The victory of the ruling party candidate Kim Young-sam over Kim Dae-jung in the recent (December 1992) Presidential election marks a significant milestone in South Korean politics. Obviously it promises less of a change than an oppositional victory, but the mere fact that the winner is the first civilian in thirty two years to hold power is a substantial novelty. That he was for most of his political career an opposition leader, an erstwhile colleague and rival of Kim Dae-jung’s in the democratic movement, also entails a style and outlook markedly different even from most civilians in the ruling circles, for all the anger his abrupt change of course aroused among some of his former supporters when, in January 1990, he decided to join forces with President Roh Tae-woo. Kim Young-sam’s candidacy, moreover, seems to have received less than full-hearted support from Roh, and while the Government’s ‘neutrality’ during the campaign was not quite what it was proclaimed to be, it may have reflected as much a certain coolness toward Kim on Roh’s part as an awareness that the public would not brook the more
The election also finally brought to an end the ‘era of two Kims’ in which since the early 1970s Kim Dae-jung and Kim Young-sam dominated the country’s political scene, first as rival opposition leaders and lately as adversaries across a more clearly demarcated line. In the statement acknowledging defeat Kim Dae-jung announced his retirement from politics, including resignation from his National Assembly seat. The decision leaves the major opposition Democratic Party in at least temporary disarray, but with or without that decision the failure of Kim Dae-jung’s third Presidential campaign has meant frustration to many. It is most keenly felt probably by the population of his own Southwestern region who voted solidly for him and who have long placed in him their hope of ending the dominance of the Southeastern provinces, under which they suffered many wrongs including the massacre of Kwangju citizens by General (later President) Chun Doo-hwan’s troops in 1980. But no less balked have been the many reform-minded and radical groups who supported Kim Dae-jung’s candidacy as the only realistic alternative.
Theirs may be considered a double defeat since they failed either to see him elected or to change to any significant degree the candidate’s basic strategy of wooing moderate and conservative voters. In fact, the mass opposition movement now finds itself at a low point sharply contrasting with the heady days of June 1987 when a nationwide mass protest action inspired by both of the Kims, and by a wide-ranging radical grouping, forced Chun Doo-hwan to renounce the scheme of perpetuating the dictatorship and to accept constitutional reforms providing for (among other things) direct election of the President. Of course, that broad coalition was broken up almost immediately, beginning with the split of the two Kims which ensured Roh Tae-woo’s victory at the polls that year, followed by divisions between the reformist supporters of the parliamentary opposition and the more radical formations and among the latter groups themselves, then further weakened by the defection of Kim Young-sam in the merger with the Government party. While neither his election nor Kim Dae-jung’s retirement implies a total defeat of the popular democratic forces, it certainly calls for some real soul-searching and a fundamental realignment on their part.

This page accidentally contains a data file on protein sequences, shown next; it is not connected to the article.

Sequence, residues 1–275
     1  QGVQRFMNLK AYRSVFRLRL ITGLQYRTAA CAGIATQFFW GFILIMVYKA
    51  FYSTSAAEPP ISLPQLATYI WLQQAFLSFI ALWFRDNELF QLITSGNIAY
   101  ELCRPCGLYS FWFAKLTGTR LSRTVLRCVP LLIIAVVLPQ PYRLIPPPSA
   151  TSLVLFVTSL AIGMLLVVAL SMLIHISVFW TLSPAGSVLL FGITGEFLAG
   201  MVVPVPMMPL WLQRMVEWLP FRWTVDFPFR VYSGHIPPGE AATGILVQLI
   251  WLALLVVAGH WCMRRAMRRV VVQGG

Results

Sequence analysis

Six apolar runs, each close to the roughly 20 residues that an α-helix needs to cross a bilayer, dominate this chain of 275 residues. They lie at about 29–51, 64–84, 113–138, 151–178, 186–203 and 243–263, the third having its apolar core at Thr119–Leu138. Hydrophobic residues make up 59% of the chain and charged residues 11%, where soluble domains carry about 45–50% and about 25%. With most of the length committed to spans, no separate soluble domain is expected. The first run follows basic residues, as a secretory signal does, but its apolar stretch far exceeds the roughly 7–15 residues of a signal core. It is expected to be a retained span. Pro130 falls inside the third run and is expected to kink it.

For South Korean society as a whole—and hence for the democratic movement, too, in the long run—the upshot certainly is far from unequivocal. Not only has Kim Young-sam’s election certain novel features in itself, his regime will probably take vigorous steps to accentuate the image of ‘civilian rule’, even though promises of more substantive reform are less likely to be fulfilled, and items like workers’ rights and the abrogation, or drastic revision, of the National
Along with ‘democratization’ an equally vital issue for South Korea’s opposition has always been that of the reunification of the divided peninsula. This issue, however, was rather muted in the Presidential campaign, partly because on fundamentals Kim Dae-jung’s position diverges little from the Government’s, but also because Kim himself was eager to minimize even those differences that did exist, while the inter-Korean dialogue happened to be experiencing another impasse and gave the ruling Democratic Liberal Party no new pretext, only the old one of redbaiting the opposition. In fact, relations with North Korea, too, may be said to have reached a rather low point when one remembers the heady hopes that accompanied the signing in December 1991 of the ‘Agreement on Reconciliation, Nonaggression, Cooperation and Exchange’ by the Prime Ministers of the Republic of Korea (rok) and the Democratic People’s Republic of Korea (dprk, or North Korea). The Agreement was the biggest breakthrough since the historic joint North-South Communiqué of July 1972 (which had enunciated the principles of a reunification ‘autonomous’, ‘peaceful’ and based on ‘great national unity’). The initial results were dramatic